I was seated onstage at the 2017 Yoga Therapy Summit telling the story of first becoming aware of T.K.V. Desikachar. Glancing down at the front row I saw Larry Payne, who I first met back in 1981, after he had returned from something of a guru-hopping tour of India. Back then, I remember asking him which teacher impressed him the most and the name he mentioned was the only one on his list I didn’t recognize: Desikachar. When I asked him what made this guy so special, all he could tell me was “It’s all in the breath.” This cryptic phrase struck me deeply and became a focal point for much of my curiosity about the role of breath in yoga for the next six years – and then I picked up the September/October 1987 issue of Yoga Journal. Here at the Yoga Therapy Summit seated beside Larry was Gary Kraftsow who – 30 years ago this month – was featured in that very issue of the magazine.
It was the cover, which featured Ken Wilber, that had attracted my attention. As hard as it is to believe – considering how asana imagery has so thoroughly permeated popular culture – back then, Yoga Journal went through a long stretch of 7 years and 40 issues (July 1983–March 1990) without a single asana photo on their front cover. Instead, the magazine featured all manner of new-age topics, trends and personalities. I had read Wilbur’s magnum opus “The Spectrum of Consciousness,” and was interested in what the “Einstein of consciousness” had to say. I really don’t remember, because I don’t think I ever got to the Wilbur article. Instead I was stopped in my tracks by a short, single-column “Life-Styles” article written by David Frawley about a yoga teacher named Gary Kraftsow he had encountered while teaching an Ayurveda program on Maui. It led with this: “Rather than focusing on the asanas as an end in themselves, he shows students how to apply yoga for their own unique physical structure and condition.” As it turns out, that small piece of writing would mark an essential turning point in my life and my yoga.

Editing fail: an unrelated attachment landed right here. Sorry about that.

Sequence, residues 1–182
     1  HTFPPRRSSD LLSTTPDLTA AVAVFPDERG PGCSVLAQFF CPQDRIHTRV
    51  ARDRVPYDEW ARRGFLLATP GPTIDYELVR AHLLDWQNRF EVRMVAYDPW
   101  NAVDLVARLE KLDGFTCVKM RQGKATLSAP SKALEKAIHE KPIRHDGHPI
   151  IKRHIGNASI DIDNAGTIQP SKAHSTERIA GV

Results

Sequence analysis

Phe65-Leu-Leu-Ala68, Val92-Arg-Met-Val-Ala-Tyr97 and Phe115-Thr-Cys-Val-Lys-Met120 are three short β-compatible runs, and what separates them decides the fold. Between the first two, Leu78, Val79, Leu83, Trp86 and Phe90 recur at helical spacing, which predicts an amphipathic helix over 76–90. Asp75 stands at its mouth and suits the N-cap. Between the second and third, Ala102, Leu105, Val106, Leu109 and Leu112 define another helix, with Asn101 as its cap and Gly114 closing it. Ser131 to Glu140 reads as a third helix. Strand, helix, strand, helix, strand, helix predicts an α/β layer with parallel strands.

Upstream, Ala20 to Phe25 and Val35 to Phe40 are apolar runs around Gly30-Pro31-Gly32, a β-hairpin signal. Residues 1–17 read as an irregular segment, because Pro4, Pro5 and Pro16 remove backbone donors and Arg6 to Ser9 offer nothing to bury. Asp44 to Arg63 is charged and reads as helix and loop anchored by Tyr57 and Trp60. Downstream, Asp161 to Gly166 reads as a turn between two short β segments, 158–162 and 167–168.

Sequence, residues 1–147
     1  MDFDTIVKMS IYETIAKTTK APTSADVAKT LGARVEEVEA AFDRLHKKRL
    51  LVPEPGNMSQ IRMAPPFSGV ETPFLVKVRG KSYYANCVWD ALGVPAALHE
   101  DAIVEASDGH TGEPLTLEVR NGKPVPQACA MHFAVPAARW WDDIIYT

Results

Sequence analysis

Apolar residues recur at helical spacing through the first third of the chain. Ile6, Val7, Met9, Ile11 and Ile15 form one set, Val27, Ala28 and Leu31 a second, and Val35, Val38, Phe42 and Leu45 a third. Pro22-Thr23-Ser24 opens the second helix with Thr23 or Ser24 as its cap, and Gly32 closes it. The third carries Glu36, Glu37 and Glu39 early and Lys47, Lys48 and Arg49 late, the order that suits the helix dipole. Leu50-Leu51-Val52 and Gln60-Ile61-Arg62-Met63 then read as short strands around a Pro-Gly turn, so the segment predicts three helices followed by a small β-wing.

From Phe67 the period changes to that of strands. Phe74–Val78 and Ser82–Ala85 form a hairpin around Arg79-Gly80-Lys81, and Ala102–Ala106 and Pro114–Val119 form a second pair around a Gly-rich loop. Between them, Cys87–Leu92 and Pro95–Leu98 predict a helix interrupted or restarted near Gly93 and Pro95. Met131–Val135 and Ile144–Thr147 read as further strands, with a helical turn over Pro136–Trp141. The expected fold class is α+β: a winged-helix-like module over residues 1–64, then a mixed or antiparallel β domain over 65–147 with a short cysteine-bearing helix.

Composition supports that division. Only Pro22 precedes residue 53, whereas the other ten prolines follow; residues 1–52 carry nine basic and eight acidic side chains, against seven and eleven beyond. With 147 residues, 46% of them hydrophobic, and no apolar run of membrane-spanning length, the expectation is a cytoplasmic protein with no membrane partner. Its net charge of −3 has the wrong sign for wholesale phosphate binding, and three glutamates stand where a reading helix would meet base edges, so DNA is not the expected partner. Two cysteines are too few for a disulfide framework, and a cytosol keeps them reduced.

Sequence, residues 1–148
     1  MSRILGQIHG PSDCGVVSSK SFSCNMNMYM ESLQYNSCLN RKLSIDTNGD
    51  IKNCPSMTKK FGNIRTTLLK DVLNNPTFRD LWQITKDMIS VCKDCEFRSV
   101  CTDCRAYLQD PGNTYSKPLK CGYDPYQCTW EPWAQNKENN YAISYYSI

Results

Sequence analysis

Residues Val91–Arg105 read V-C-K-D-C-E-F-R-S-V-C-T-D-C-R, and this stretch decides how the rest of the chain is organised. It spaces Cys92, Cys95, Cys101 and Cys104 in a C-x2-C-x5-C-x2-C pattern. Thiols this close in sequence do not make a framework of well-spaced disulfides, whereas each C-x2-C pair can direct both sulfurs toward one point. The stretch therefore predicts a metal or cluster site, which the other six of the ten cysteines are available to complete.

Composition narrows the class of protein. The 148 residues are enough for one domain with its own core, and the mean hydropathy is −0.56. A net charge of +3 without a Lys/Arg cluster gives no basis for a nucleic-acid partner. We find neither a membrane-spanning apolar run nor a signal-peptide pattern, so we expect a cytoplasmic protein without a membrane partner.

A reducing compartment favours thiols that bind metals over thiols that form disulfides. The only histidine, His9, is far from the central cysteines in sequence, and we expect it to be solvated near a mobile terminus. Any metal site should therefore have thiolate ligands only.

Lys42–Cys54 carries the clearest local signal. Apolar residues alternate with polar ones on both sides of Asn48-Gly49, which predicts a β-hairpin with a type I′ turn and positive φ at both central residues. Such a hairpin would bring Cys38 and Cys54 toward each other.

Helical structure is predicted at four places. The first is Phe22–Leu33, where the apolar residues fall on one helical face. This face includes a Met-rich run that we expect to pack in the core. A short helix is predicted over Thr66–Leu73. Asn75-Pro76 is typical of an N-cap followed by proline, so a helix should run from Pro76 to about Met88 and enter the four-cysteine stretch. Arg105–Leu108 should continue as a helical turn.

As I continued to read, more of Kraftsow’s perspective eerily echoed much of what I’d been thinking and teaching: “emphasizing function rather than form…individualizing practice to each student’s unique structure and condition…not to teach students where to go, but to show them how to get there…” Then I read: “Kraftsow began his yoga study with T.K.V. Desikachar in 1974…” and I felt a palpable jolt of recognition as my mind flashed back to the name Larry Payne had mentioned six years earlier. No wonder the words of a Desikachar student were striking such a chord – my own obsession with the role of breathing in asana had led me down a similar path!
Reading further, I learned that Desikachar was the son of T. Krishnamacharya, who Frawley described as “perhaps the most renowned yoga teacher of our time.” The article ended with Kraftsow saying, “Yoga refers primarily to the quality of action through which transformation can occur.”
So I was completely hooked. I knew — as clearly as I’d ever known anything — that I had to meet T.K.V. Desikachar. The article said he lived in India, but didn’t specify where.